Balaji flies high, grounds Pak on Day 1 of decider

Updated on Apr 14, 2004 10:07 AM IST

Like India in the 2nd Test, Pakistan, put in on a greentop, were blown away by Balaji (4/63) for 224.Pics: The Pak collapse | Fever Pitch

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PTI | ByKadambari Murali, Rawalpindi

One has a Test average of 10.18 and the other of around seven. Both (obviously) are not in the team because of any skills, actual or potential, with the bat. Both have a heck of a job on their hands at the moment, with Pakistan bowling, if the hosts want to be in with a chance of winning this series on a greenish wicket.

But Mohammed Sami (with a vast experience of 15 Tests) and Fazl-e-Akbar (with five), made sure they gave themselves a chance. They probably decided that if their batters couldn't give them a score that they could try and defend, they would have to do even that, themselves.

The Pakistan top order collapse would earn them the wrath of their voluble coach, Javed Miandad, and rightly so after they played with little application on a wicket that had some moisture in it. It was also a very disciplined performance from India's pace trio, especially Lakshmipathy Balaji. They exploited the help they got from the pitch after Sourav Ganguly finally won a toss when it counted. Balaji bowled a superb line and length to return his best ever figures of 4-63.

Coming back to that ninth-wicket stand, it lasted for over an hour-and-a-half in which they tortured the Indians, who were more or less certain they had wrapped up Pakistan's first essay after Balaji trapped the classy Asif Kamal plumb in front. Though people began talking of how Yuvraj Singh and Irfan Pathan shared in that 117-run partnership for the eighth wicket, no one seriously thought the Pakistan lower order would make a fight of it.

But they did, at least Sami and Akbar. They swished and missed, there were a couple of close leg before appeals and a couple of nicks that went close to the slip fielders. Sami, who nearly missed this game after suffering a back strain and cleared his fitness test only late on Monday, got hit once on the helmet and once in the box --- the ball even breaking his guard! He was also dropped when on 34 by Parthiv Patel (who made a hash of sitter), and eventually went on to make his highest ever score in first-class cricket.

He would be cursing himself for taking that suicidal single that finally ended the Pakistani essay at 224 and left him one short of his 50.

The fightback itself wasn't pretty but it was very effective. By the time Akbar fell offering no shot to Anil Kumble, the combine had put on 70 invaluable runs for Pakistan. This incidentally, equalled Pakistan's highest ninth-wicket stand against India, set as recently as Multan, when Yousuf Youhana and Shoaib Akhtar delayed India's win.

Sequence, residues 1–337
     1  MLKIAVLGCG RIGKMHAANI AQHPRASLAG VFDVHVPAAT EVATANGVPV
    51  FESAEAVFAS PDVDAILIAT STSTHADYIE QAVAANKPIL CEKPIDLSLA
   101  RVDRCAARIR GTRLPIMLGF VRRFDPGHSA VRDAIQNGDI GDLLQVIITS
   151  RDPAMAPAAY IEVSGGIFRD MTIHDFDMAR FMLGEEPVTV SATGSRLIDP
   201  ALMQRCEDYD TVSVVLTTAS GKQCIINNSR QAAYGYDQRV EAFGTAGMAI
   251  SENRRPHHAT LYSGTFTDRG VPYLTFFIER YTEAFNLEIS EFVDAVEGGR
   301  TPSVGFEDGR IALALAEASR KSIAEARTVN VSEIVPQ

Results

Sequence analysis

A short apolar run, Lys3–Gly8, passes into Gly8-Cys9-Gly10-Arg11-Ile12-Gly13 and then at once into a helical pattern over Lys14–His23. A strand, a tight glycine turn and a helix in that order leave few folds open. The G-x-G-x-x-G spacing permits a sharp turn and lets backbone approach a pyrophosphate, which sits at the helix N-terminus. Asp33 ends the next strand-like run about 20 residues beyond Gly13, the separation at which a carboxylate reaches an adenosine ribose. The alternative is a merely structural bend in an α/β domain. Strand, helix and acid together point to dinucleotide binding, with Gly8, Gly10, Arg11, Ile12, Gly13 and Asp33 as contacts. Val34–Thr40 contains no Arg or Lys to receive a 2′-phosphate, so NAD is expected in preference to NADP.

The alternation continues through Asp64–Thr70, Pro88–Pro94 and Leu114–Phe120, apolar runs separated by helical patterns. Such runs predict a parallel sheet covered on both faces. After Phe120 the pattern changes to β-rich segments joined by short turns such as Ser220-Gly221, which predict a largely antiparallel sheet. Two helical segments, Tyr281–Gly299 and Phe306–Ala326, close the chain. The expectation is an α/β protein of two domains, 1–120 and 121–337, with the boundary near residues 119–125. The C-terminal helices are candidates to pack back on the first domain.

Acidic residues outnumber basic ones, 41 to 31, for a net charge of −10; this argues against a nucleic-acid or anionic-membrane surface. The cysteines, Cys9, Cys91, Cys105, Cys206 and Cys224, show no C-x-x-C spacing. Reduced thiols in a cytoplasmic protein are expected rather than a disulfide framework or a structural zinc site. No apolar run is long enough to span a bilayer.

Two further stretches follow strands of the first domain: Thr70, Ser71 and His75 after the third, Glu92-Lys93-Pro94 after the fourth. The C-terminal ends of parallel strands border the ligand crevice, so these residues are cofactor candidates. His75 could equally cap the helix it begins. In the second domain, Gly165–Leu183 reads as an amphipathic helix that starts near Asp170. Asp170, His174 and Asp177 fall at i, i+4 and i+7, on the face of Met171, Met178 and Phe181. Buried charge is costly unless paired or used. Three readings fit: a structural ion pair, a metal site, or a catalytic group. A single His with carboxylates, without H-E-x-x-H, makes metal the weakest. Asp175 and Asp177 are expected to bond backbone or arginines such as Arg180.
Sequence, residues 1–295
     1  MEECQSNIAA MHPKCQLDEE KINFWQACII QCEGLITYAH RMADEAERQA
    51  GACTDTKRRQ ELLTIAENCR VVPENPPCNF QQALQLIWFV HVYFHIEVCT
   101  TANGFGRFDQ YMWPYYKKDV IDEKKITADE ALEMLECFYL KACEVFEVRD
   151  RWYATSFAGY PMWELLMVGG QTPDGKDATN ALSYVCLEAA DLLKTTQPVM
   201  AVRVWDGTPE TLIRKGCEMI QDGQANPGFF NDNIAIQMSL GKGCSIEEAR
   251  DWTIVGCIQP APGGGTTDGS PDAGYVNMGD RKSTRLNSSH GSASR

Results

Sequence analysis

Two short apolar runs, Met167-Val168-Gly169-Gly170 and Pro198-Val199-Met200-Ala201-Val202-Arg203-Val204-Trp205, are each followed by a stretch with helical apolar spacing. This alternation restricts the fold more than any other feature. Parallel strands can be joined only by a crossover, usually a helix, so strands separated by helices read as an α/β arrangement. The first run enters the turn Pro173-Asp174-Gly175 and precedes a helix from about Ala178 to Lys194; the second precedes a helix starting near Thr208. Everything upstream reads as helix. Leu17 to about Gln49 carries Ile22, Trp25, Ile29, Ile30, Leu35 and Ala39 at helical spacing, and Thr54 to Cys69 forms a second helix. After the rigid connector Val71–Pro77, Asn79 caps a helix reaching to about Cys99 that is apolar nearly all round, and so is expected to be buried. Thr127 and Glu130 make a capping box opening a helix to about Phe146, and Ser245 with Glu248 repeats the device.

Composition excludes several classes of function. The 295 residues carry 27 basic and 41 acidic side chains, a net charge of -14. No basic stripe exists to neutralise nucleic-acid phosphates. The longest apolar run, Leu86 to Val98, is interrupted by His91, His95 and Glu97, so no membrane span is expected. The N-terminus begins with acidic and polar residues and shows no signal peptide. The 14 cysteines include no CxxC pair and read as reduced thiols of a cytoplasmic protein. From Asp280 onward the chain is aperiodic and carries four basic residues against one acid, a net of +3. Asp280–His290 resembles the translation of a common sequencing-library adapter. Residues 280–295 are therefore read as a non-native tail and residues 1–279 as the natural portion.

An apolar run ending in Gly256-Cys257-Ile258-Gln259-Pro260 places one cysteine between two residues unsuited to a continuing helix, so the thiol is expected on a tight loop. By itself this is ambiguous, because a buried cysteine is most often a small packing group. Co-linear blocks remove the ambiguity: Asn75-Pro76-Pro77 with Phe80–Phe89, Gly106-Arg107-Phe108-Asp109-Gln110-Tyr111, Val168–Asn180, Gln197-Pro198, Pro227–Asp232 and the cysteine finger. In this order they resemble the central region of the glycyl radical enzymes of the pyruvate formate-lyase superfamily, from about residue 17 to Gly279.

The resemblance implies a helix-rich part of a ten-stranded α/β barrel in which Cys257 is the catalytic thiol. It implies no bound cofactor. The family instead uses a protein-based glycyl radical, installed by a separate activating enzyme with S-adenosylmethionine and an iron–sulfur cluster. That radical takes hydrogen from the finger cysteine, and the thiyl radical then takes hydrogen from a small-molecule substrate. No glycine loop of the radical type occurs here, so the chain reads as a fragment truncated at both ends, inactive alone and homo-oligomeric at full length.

Danish Kaneria, whose bating skills have been often compared to Ashish Nehra's, decided this was the day he wanted to hang around a bit too, so that by the time the Pakistan innings folded up with Sami's dismissal, they had got to a respectable 224 after being at an embarrassing 137 for eight.

And when India batted, it was disaster at first touch. Even as people were discussing Virender Sehwag's new opening partner --- finally Parthiv Patel, as the team decided not to risk exposing either Ganguly or Yuvraj to this first day wicket -- the mainstay of the Indian batting through this series got out to a first-ball blob.

Sehwag got a ball on his pads from Shoaib Akhtar and looked like he was trying to turn it to the on-side, but mistimed it to backward point instead. Yasir Hameed, who was probably upset with himself for chasing a widish delivery to get out when he was set, took a beauty of a catch. He juggled it, nearly dropped it and finally got it by turning backwards, diving and holding on with one hand.

At stumps, at 23 for one, India had thankfully lost no more wickets, even though Patel was looking somewhat jittery. He can't be blamed, what with the movement the bowlers are still getting from the wicket. In any case, the only thing in his favour is that no one seriously expects him to do anything much -- precisely the reason he was offered up for sacrifice.

The decision to send him up was surprising in the end really. It was expected that Patel would walk out with Sehwag if India were put in to bat in the morning but to send him at the top later anyway, sends out the wrong signal. Whether or not Patel eventually scores, the decision shows that either India are not confident of their new opening combine, or they're worried about the much-vaunted middle order and are therefore not willing to expose the in-form Yuvraj. Whatever it is, it betrays a nervous mindset. One that Pakistan would be looking to expose.

Pakistan: Inzamam-ul-Haq (captain), Taufeeq Umar, Imran Farhat, Yasir Hameed, Yousuf Youhana, Asim Kamal, Kamran Akmal, Shoaib Akhtar, Mohammad Sami, Danish Kaneria, Fazle Akbar.

India: Sourav Ganguly (captain), Virender Sehwag, Yuvraj Singh, Rahul Dravid, Sachin Tendulkar, V V S Laxman, Parthiv Patel, Irfan Pathan, Anil Kumble, Ashish Nehra, Laxmipathy Balaji.

Umpires: David Shepherd, England, Rudi Koertzen, South Africa

TV umpire: Zamir Haider, Pakistan

Match referee: Ranjan Madugalle.


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